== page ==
Marcel E. Visser, Department of Animal Ecology, Netherlands Institute of Ecology (NIOO-KNAW), Wageningen, The Netherlands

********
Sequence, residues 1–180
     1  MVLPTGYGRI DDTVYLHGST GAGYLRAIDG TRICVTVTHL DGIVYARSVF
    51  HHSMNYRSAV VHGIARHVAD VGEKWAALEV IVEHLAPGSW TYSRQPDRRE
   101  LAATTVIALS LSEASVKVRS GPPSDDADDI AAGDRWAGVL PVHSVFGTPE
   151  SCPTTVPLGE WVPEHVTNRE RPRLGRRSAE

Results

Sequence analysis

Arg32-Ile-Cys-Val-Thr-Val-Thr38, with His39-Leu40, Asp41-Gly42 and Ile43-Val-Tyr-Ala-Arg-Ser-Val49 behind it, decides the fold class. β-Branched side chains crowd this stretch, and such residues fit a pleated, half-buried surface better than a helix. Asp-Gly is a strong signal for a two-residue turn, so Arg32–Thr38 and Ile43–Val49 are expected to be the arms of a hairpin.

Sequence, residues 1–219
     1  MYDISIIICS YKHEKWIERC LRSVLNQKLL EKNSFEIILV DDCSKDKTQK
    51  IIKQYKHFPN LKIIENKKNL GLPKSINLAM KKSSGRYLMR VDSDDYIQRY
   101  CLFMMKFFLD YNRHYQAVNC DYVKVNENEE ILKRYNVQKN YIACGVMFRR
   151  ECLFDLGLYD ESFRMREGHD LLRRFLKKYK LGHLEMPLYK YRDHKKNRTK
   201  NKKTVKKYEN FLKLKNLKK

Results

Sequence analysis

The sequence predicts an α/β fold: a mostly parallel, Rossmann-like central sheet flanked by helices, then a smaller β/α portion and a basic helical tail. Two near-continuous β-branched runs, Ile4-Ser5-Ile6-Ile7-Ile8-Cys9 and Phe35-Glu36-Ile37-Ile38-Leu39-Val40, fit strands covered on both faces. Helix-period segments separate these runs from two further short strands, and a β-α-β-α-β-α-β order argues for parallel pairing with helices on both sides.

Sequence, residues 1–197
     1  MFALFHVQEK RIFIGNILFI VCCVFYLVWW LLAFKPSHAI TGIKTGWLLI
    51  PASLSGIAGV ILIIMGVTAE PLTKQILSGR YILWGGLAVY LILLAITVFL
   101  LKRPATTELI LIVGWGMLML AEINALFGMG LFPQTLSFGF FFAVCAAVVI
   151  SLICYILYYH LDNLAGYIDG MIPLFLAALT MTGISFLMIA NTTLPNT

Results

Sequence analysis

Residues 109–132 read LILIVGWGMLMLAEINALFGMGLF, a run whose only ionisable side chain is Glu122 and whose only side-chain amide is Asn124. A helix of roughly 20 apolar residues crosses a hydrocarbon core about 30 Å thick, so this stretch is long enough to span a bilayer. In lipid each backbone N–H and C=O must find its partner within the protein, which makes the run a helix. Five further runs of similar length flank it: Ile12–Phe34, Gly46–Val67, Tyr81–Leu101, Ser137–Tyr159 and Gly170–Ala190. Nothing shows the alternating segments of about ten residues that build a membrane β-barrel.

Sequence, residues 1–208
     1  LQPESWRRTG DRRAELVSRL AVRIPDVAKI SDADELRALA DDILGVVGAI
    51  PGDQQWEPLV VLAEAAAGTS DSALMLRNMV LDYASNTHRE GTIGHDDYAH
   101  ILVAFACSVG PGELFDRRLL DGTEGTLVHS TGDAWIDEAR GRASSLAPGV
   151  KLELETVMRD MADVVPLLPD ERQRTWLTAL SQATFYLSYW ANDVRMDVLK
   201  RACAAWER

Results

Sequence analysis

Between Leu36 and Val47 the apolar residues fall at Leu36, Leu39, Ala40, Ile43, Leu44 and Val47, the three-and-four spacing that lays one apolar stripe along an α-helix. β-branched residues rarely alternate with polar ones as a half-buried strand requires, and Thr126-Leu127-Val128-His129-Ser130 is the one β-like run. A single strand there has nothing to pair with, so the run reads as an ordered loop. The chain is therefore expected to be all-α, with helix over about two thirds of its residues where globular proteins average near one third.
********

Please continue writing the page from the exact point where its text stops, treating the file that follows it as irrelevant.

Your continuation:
Spring temperatures are increasing due to climate change and in the Northern Hemispere this has had profound effects on the spring phenology of many organisms. These shifts in phenology however vary substantially among species, with predatory species shifting only at half the rate as their prey. This leads to so-called phenological mismatches: the phenology of predators and their prey get out of synchrony. I will give an overview of these mismatches, the evolutionary consequences and the population consequences using data from our long-term study (1955-present) on a small song bird, the great tit (Parus major). I will present data of birds, caterpillars and trees to show that to understand patterns of selection on the phenology of the birds we need to take the phenology of the entire food chain into account. Next, I will switch gears and focus on the potential for genetic change in response to selection on phenology in great tits. We have been studying the genetics and physiology underlying phenology by creating selection lines of early and late reproducing great tits, using genomic rather than phenotypic selection. We breed great tits of these selection lines under controlled conditions and look at their lay dates as well as at RNA expression. As a final step we introduced selection line eggs into our wild population and in 2018 we will have the first F4 offspring breeding in the wild and we can then measure their fitness depending on their phenology. Next, I will present data on how phenological mismatches have knock-on effect at the population level. In the last part of the talk, I will discuss these finding in the light of the theme of the meeting: One Planet, Two Hemispheres, Many Regions.